Through the courtesy of your journal I would like to share with readers our initial experiences with small bowel enema in the diagnosis of small bowel diseases. Smailbowelis that part of gut which is inaccessible by direct visualisation while histopathological and biochemical findings are generally representative of generalized pathology. Recently much interest has been generated in the double contrast enema of small bowel1 in early diagnosis and proper evaluation of small bowel disease. Our technique is a slight modification of Herlinger technique described by Herlinger2. We are using 150cc of 125% v/v solution of Polibar (EZ-EM) and Micropaque (Nicholas), these are taken in the proportion of 1.5:1 respectively. A solution of 5% Carboxymethylcellulose which is kept cold by placing it overnight in refrigerator is then pushed. The speed varies accordingly to get a double contrast effect. Multiple spot films and over head films are then taken in various positions. In our initial experience with 200 patients we were able, to diagnose early tuberculosis, malabsorption, strictures, adhesive intestinal obstructions, peritoneal metastases fistulae and lymphoma. Our diagnostic yield has been nearly 35% and with this technique, we have been able to guide physicians to abnormal areas. The data and followup is under analysis. We feel that this investigation can be very helpful in the diagnosis and better evaluation of small intestinal pathologies especially early tuberculosis. Meanwhile, I would request readers especially gastroenterologists to give us some feedback regarding intestinal diseases and the role this diagnostic modality can play in their early diagnoses.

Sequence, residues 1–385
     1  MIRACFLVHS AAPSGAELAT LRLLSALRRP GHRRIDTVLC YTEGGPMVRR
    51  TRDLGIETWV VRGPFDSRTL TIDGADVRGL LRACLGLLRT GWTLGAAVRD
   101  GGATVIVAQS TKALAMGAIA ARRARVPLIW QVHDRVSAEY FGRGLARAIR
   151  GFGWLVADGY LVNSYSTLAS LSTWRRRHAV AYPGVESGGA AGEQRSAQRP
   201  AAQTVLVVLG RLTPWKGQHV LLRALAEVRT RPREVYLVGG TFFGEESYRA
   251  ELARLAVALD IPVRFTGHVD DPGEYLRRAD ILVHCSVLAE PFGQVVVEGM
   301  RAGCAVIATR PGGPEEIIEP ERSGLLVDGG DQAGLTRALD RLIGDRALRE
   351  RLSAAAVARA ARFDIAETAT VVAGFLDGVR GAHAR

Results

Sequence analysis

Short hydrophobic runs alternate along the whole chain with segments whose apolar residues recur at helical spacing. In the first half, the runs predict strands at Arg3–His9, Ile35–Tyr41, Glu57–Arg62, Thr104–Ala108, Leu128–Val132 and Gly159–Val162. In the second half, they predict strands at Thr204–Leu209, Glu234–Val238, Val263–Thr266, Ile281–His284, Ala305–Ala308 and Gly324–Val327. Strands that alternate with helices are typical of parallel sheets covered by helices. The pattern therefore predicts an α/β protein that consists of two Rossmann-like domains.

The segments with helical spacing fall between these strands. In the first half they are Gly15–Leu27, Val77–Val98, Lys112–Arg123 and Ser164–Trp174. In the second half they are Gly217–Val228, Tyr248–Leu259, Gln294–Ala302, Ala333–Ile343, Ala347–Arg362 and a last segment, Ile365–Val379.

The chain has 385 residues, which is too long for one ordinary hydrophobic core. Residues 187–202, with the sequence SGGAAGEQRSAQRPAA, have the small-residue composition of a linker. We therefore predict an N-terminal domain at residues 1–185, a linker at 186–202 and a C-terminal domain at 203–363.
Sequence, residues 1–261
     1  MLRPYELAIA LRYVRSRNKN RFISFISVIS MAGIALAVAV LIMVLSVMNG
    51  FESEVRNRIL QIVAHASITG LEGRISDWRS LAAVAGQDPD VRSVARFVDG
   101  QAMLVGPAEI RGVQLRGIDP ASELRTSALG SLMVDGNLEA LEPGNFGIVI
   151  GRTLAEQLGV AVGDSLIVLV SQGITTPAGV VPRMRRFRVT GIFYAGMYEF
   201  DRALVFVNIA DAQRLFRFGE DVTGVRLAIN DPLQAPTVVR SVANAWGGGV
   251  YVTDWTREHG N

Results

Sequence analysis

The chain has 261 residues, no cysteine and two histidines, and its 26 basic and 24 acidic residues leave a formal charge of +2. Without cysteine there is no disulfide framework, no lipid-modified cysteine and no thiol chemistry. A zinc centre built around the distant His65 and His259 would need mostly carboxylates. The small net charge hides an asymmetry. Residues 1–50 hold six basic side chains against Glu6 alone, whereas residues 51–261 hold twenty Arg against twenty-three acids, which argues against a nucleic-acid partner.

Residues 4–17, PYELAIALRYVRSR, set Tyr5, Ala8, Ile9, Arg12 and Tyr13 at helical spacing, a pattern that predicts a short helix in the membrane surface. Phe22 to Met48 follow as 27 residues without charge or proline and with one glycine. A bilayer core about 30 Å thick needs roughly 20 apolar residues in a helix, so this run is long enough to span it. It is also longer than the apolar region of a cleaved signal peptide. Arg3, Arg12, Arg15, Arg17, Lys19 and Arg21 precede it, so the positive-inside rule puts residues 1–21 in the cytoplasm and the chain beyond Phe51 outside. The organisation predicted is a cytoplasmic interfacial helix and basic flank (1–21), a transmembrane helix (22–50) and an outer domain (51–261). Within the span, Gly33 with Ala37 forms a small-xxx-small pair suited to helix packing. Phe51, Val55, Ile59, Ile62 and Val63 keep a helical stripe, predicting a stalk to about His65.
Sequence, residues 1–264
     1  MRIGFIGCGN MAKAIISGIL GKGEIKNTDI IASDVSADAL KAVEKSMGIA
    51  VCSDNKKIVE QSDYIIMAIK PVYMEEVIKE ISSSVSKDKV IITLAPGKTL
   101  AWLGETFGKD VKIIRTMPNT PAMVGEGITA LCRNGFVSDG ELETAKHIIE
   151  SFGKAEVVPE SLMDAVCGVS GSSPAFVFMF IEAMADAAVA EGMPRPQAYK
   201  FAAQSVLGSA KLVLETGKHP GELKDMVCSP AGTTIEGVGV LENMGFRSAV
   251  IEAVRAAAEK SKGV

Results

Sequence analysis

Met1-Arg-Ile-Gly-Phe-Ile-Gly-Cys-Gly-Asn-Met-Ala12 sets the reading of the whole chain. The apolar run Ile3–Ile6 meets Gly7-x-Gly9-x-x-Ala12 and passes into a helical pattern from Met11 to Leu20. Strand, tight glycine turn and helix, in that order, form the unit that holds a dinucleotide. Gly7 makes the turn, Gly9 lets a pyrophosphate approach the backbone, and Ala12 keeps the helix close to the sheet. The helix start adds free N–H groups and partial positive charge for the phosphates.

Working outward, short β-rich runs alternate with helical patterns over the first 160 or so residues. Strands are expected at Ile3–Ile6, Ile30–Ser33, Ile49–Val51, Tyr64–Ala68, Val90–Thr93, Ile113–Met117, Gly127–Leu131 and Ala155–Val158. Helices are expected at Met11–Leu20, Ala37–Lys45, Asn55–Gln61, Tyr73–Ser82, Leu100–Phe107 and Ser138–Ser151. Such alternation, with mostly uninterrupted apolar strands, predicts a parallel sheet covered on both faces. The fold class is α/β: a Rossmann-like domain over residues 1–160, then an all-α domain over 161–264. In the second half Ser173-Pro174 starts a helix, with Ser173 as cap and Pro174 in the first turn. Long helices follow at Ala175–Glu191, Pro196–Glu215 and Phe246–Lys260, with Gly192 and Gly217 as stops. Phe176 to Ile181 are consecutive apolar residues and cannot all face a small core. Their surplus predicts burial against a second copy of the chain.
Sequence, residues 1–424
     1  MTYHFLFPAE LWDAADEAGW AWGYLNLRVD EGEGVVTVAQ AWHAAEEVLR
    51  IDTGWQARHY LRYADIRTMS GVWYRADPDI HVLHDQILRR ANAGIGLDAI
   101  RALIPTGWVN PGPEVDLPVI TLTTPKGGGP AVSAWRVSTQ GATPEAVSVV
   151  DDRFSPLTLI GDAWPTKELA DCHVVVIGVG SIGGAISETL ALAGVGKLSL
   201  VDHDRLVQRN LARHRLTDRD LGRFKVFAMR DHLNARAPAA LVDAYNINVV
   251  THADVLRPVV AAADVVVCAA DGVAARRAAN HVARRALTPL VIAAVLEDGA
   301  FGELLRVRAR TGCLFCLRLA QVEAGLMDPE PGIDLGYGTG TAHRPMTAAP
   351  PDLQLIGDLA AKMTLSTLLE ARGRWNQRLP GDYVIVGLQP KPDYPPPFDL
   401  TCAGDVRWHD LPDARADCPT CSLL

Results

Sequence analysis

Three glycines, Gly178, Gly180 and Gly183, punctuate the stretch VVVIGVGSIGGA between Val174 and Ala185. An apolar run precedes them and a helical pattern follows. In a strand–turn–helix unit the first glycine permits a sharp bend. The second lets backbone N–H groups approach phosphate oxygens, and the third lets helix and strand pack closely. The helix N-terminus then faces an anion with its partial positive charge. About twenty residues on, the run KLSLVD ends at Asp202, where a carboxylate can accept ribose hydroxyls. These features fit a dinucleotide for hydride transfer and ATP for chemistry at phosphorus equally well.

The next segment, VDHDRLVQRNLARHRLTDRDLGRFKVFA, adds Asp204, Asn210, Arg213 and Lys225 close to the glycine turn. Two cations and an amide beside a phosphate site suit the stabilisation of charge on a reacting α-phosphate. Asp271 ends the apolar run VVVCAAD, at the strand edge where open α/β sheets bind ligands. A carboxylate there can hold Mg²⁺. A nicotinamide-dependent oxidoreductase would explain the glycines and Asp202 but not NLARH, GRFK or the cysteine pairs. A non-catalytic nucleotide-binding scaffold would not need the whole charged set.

Tauqir Ahmad Rana, M. Younus Sheikh
Department of Radiology, The Aga Khan University Hospital, Stadium Road, Karachi.
1. Maglinte, D.D., Lappas, J.C., Kelvin, F.M., Rex, D., Chernish, S.M. Small bowel radiography; how, when and why? Radiology, 1987; 163:297.
2. Herlinger, H.A modified technique for the double contrast small bowel enema. Gastrointes. Radiol., 1978; 3 : 201.